Amid its serious financial battle the Kansas Legislature also will be fighting the highly political battle of redrawing legislative and congressional districts.
In the first week of its 2002 session, the Kansas Legislature primarily has been occupied with budget proposals put forth by Gov. Bill Graves. But observers predict it won't be long before state lawmakers dive into an issue that has nothing to do with money but everything to do with politics: redistricting.
Earlier this week, Lt. Gov. Gary Sherrer predicted, "the budget will go on the back burner," while legislators consider redistricting proposals. That clearly will move politics to the front burner.
The Legislature is required to approve a plan for redrawing Kansas House and Senate districts before final adjournment of the current session. To facilitate candidates running for office in those districts it would be highly beneficial to complete the redistricting work sooner.
There is no more political process in any state legislature. In Kansas, the edge goes strongly to the Republicans who hold large majorities in both the House and Senate and 23 seats on the 34-member Special Committee on Redistricting.
Although the Republican members steadfastly maintain that the redistricting process is fair to their Democratic colleagues, some observers would see it otherwise. For instance the Republican proposal for redrawing the state's 125 House districts includes five districts that would be home to two incumbents. Even Republican Gov. Graves has noted that the fact that four of those districts would pit two Democratic incumbents against one another probably is more than coincidental. In the fifth case, a Republican incumbent would face a Democratic incumbent.
Lawrence has a special interest in the congressional redistricting debate because the Republican-backed proposal now on the table would split Lawrence between the 2nd and 3rd congressional districts. Earlier this week, Graves, who holds veto power over all of the redistricting maps, said he thinks that splitting Lawrence is a bad idea and that the city would be better served by being placed wholly in the 2nd District, represented by Republican Rep. Jim Ryun. Graves' acknowledged the ties Lawrence and Kansas University have to the Kansas City area, but he strongly favors keeping Johnson and Wyandotte counties wholly in the 3rd District which doesn't leave room for Douglas County or even all of Lawrence.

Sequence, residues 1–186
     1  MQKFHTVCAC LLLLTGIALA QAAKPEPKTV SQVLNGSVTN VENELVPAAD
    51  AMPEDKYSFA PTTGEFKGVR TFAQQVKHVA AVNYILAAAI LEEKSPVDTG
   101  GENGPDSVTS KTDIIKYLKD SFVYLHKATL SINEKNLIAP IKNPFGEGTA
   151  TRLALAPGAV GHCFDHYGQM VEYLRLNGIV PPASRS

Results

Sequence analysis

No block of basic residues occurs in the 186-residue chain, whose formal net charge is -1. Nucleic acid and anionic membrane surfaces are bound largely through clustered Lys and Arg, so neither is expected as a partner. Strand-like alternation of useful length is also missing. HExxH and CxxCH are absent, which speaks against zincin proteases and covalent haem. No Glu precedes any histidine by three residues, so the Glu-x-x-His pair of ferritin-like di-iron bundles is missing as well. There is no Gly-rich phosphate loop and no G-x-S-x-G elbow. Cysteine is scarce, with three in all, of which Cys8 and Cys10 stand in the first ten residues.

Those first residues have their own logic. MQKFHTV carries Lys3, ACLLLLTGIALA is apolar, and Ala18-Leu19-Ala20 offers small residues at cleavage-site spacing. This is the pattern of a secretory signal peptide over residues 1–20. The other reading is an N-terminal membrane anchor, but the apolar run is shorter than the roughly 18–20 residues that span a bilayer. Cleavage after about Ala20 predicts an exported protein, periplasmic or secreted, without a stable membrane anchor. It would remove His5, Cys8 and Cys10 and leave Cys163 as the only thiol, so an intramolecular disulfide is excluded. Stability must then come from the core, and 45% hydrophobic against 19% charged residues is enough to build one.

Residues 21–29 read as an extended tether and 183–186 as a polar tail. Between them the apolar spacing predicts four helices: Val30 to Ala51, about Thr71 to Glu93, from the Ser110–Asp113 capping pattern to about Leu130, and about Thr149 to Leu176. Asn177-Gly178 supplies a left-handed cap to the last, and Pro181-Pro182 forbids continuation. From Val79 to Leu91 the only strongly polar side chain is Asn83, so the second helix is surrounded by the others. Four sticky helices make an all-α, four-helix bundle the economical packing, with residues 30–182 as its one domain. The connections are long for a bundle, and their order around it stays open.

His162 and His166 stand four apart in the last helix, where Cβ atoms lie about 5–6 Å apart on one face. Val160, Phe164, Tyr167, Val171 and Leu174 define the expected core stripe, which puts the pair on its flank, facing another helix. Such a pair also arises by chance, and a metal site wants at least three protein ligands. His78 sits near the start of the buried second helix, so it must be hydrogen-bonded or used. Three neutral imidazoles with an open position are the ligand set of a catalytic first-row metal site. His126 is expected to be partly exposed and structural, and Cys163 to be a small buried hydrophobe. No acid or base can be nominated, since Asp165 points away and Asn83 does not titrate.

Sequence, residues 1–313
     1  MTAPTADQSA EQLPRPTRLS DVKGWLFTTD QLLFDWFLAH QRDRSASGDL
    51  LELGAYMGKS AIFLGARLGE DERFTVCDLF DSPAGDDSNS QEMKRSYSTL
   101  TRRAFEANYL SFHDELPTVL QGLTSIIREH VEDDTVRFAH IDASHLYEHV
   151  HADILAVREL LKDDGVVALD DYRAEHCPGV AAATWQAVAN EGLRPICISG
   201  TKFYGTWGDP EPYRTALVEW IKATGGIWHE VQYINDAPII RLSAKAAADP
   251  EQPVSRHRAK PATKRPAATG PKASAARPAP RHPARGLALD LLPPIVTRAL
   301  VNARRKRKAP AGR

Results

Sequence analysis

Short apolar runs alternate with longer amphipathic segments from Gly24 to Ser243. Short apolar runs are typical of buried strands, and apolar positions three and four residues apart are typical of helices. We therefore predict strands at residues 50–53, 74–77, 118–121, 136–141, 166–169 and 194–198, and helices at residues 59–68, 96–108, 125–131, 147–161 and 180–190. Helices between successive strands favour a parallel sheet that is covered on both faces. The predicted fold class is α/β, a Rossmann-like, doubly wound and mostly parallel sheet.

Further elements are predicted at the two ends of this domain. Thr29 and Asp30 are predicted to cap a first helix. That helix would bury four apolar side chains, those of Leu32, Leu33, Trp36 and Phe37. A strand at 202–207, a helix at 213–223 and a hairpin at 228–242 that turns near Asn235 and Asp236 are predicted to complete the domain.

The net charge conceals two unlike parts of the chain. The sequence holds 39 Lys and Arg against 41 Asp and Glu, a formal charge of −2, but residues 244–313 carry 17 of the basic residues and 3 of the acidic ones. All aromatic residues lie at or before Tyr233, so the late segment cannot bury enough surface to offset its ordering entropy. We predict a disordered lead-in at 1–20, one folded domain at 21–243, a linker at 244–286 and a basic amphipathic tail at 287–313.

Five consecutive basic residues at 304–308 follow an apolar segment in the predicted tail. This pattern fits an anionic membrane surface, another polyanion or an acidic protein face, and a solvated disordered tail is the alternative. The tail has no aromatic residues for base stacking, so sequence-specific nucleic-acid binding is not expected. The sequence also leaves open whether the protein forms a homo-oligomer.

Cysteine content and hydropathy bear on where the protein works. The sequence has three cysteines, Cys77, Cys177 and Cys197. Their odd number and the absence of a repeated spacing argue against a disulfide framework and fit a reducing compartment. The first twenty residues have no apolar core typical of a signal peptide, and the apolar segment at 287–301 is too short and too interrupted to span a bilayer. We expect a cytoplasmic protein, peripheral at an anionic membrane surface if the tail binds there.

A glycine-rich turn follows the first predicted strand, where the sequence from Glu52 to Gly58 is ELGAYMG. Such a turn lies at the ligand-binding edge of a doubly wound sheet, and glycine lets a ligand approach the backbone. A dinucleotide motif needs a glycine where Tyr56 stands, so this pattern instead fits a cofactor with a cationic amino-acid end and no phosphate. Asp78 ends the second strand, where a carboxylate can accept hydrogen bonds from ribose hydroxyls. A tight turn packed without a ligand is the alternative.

During a discussion with some editorial writers, Graves was asked whether he might consider more favorable treatment of Democrats in the redistricting process in an effort to obtain Democratic support for some of his tax proposals. To his credit, the governor said that the two issues should be kept separate: "I'm going to look at redistricting on its own merits."
It will be virtually impossible to find funding for any new legislative initiatives this year, and, if the legislature runs true to form, the tough budget issues probably won't be resolved until later in the session. That should leave plenty of time in the early days to focus on the non-money issue of redistricting. Hopefully both legislative and congressional district lines can be drawn in a manner that is fair to Kansas residents and doesn't draw any political battle lines that will complicate consideration of the far-more-important financial issues facing the state.